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News: Egypt
A stone block decorated with a cartouche of the pharaoh Nectanebo II was discovered in a hole in the floor of a home in the Egyptian city of Abydos. Photo Credit: Egypt's Ministry of Antiquities/Live Science.
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by Archaeology Newsroom

Stone block with engraved cartouche found in Egypt

At an illegal excavation site

Authorities in Egypt have found an engraved stone block while inspecting an illegal excavation site in the Sohag town of Abydos.

The stone block is engraved with the cartouche of the 30th Dynasty King Nectanebo II and was discovered during an inspection of an old house in the Beni Mansour area. A cartouche is a symbol consisting of ovals which frame a royal name (hieroglyphs). Hani Abul Azm, head of the Central Administration for Antiquities of Upper Egypt, said that the house has been confiscated until further investigations are completed.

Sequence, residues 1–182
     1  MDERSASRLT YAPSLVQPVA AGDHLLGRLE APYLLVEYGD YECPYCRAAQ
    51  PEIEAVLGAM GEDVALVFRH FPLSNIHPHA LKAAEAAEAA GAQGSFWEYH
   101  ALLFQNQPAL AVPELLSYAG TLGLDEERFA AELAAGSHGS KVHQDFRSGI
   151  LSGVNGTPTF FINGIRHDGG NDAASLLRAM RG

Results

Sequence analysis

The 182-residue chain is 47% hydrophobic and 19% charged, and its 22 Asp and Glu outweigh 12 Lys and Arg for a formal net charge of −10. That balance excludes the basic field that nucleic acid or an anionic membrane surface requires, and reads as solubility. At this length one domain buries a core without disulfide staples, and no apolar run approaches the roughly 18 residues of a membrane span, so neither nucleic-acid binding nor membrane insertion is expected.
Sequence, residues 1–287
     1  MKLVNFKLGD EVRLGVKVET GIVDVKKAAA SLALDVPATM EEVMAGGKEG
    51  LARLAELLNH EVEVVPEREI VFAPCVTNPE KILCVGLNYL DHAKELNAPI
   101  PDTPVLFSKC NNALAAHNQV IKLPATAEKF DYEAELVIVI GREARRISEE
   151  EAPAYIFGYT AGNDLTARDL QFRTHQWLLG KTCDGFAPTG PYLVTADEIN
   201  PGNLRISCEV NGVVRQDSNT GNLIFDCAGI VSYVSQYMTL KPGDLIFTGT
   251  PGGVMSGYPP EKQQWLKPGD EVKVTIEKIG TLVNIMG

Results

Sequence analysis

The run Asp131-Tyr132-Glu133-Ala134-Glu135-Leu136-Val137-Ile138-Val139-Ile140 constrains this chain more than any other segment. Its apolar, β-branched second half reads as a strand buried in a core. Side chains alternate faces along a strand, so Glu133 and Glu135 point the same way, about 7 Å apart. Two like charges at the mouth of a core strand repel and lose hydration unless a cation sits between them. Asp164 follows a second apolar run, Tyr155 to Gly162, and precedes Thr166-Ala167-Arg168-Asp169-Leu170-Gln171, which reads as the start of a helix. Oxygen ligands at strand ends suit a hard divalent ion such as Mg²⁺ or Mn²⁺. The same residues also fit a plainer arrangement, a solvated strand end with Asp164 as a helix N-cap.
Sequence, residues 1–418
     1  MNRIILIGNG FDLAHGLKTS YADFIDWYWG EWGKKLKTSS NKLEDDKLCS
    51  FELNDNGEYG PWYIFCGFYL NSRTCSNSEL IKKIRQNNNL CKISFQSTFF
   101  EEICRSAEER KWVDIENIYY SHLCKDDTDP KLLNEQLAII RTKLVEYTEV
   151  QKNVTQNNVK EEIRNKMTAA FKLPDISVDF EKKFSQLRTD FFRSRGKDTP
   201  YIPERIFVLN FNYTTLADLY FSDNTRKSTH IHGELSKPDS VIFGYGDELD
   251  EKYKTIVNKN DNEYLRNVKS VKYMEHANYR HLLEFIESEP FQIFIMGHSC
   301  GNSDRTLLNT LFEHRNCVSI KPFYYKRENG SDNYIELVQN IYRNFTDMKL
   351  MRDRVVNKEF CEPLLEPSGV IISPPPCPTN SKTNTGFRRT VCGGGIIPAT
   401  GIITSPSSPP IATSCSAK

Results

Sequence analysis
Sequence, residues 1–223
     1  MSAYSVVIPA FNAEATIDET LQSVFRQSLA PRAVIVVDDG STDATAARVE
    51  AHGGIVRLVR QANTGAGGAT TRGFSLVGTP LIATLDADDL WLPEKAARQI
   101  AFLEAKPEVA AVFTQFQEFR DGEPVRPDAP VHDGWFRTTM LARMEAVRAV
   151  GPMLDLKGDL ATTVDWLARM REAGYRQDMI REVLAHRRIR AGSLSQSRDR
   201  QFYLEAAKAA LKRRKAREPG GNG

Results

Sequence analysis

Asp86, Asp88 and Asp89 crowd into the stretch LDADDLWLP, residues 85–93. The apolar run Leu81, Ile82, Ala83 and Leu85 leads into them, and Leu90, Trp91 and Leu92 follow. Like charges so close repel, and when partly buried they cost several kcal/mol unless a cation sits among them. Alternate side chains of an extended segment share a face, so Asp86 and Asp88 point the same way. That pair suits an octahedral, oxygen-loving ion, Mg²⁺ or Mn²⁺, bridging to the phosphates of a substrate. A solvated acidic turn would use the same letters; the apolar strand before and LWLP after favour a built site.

The stone block was found at the bottom of a hole 4 metres deep and it might have been part of a royal shrine or an extension of a temple wall built for King Nectanebo. However, experts were not able to determine exactly what it was part of due to high level of subterranean water.

According to Ashraf Okasha, director general of Abydos Antiquities, the block measures 1.40×40 centimetres.

Once the Tourism and Antiquities Police have completed their investigation further excavation will be carried out at the site.

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